Rael said it was also important to note that the JPA was “still in full force and effect between the city and the county. The city of Belen has expended significant funds on this project. We feel that the JPA is a binding contract …”
The attorney said the last step under the JPA is the finalization of the health care facility contract between the county and the company that will manage the facility and ultimately receive the mill levy funds.
While the HCF contract may be the last step, according to Rael and the JPA, there is still a very important step that has not been taken.
According to the agreement, the county has to verify the city’s feasibility study. The county can either verify the study internally, using its own staff, or by contracting with a third party.
At this point, the commissioners haven’t discussed which method they would like to use to vet the study, let alone verified the document.
There is also the issue of which study the county will be asked to verify. The city has two different versions of the study.
One is a draft that Ameris Health Systems created for the former Valencia Health Commons and is not based on a specific site. This study was part of the procurement library for the city’s hospital RFI.
The second version is the site-specific study that was released last year, after the city paid Ameris Management $49,999 to complete the work it started for VHC and focus on the Christopher Road site.
Following Miller’s presentation, Aguilar asked whether the Lovelace-managed facility would accept patients with Presbyterian insurance.
Janelle Raborn, the chief operating officer at Lovelace Women’s Hospital, said they would “love to provide services” to those patients, pointing out that in emergencies, care is provided regardless of insurance.
“For things that are scheduled, a patient would need prior authorization from their (insurance),” Raborn said.
She continued, saying a primary care physician could be housed in the Los Lunas hospital and that doctor may accept all insurances.
“That is up to each physician, what insurance they carry,” she said. “They usually look to carry as many products as are in a community.”
Commission Chairman Charles Eaton asked if Miller or Raborn had talked to Presbyterian Health Services about the proposed hospital.
“We haven’t, but Presbyterian has made their position clear — they feel a hospital is not needed,” Miller said. “That’s an opinion we differ on, obviously.”
All the funds for the Los Lunas hospital would be from private investors and construction would not require IRBs from the village or county, Miller said.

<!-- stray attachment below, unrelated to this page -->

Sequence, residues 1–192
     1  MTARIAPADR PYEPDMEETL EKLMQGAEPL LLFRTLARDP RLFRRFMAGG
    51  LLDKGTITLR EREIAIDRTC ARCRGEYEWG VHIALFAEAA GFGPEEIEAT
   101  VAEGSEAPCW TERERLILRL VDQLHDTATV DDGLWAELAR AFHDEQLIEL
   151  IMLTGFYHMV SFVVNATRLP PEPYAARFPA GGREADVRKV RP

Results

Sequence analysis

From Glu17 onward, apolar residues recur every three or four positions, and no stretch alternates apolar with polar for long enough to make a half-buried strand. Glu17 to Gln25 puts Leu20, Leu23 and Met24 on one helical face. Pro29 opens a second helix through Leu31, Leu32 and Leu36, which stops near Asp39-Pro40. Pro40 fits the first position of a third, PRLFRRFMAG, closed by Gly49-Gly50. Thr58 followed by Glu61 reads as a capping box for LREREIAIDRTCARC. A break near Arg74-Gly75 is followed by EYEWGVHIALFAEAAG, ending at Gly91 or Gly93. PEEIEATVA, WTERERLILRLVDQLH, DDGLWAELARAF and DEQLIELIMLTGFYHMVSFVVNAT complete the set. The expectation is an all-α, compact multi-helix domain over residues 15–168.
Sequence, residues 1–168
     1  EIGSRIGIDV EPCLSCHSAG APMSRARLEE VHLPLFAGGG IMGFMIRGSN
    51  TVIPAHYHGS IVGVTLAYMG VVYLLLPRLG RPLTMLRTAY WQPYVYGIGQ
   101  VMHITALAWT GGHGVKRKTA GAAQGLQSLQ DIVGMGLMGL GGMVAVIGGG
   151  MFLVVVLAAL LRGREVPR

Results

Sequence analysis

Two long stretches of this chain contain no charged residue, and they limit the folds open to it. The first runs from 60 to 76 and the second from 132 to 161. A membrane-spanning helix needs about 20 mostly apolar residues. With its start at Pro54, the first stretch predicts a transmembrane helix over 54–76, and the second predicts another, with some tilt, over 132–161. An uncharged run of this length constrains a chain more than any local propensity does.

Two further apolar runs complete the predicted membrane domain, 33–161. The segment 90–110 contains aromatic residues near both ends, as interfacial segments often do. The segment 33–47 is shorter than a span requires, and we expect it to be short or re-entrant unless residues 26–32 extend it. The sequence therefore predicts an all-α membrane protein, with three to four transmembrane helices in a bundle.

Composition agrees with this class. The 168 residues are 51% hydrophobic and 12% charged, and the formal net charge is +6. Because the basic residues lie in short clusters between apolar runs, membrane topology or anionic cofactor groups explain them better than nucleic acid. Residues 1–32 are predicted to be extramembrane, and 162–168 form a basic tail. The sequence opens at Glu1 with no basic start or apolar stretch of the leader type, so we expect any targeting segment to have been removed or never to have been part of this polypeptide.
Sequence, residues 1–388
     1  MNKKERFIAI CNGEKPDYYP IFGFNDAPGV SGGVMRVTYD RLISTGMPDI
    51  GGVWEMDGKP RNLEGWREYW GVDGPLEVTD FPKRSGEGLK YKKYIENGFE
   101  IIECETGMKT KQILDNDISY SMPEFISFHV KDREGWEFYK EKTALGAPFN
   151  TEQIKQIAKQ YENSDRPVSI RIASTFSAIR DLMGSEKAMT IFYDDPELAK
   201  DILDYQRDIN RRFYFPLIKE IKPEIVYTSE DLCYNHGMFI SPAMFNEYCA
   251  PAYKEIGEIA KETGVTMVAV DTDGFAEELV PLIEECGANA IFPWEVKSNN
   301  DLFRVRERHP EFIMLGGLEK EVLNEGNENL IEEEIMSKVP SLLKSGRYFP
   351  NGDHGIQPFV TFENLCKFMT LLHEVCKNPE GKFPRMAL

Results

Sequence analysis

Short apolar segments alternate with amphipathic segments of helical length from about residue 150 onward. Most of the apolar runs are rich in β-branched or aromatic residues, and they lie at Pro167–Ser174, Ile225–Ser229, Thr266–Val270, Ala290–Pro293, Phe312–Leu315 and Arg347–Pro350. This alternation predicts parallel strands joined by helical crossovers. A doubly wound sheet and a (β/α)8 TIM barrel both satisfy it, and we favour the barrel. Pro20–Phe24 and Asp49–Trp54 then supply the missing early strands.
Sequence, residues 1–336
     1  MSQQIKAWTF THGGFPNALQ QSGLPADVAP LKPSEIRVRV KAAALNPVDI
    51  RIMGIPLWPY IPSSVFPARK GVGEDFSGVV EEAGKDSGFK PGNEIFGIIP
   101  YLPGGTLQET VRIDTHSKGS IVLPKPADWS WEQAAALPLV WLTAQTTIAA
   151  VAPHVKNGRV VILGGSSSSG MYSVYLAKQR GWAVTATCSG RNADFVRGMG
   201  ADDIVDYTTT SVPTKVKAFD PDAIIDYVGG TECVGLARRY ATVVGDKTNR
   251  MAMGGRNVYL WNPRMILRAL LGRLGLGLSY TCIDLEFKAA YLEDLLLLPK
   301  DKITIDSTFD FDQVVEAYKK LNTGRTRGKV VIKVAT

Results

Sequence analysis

Pointing out that both of the proposed hospitals were located west of the Rio Grande, near Interstate 25, Andersen said she was extremely concerned about the 40,000 people who lived east of the river.
“There are two bridges across, and Highway 6 is a parking lot for four hours of the day,” Andersen said. “If we were to specify something like an east side paramedic station with EMTs, somewhere to stabilize people before bringing them across the bridge, how would you react? If you are given the mill levy, will you commit to that?”
Miller said that kind of satellite facility wouldn’t be possible immediately, but if certain demographics were met and there was a need in an area, he would be willing to build east of the river.
Andersen said she would like the commission to make the commitment to satellite facilities as part of any agreement the county signed.
And speaking about previous attempts to start a hospital, Andersen said there wasn’t a great deal of transparency, and asked Miller if he and his company would be willing to keep the commissioners informed and to give frequent updates on the project.
Aguilar said she would like all reports done during public meetings before the whole commission.
“If we are the recipient of the mill levy, we owe it to the commissioners and the residents to report that way,” Miller said.
Assuming an immediate start, Belen would be opening its doors in late July 2014, and Los Lunas in the fall of 2015.
The only person to speak about the hospital project during public comments was Andrew DiCamillo, executive director of the Greater Belen Economic Development Corporation.
“The lack of a hospital is what is fundamentally holding us back from economic development,” DiCamillo said. “I have continued to work for a hospital with the corporation.”
DiCamillo was Belen’s planning and zoning director for five years and intimately involved in the development of the hospital. The city fired him in April of last year.
DiCamillo announced that the GBED board has decided to form a foundation to support a hospital, regardless of where it is located or who builds it.
“I think as Valencia County citizens we are just going to be glad we’re doing something,” he said. The separate foundation would provide things to the hospital such as chapel services and assistance to veterans.
“That is the commitment of the board to the economic development of the county,” DiCamillo said.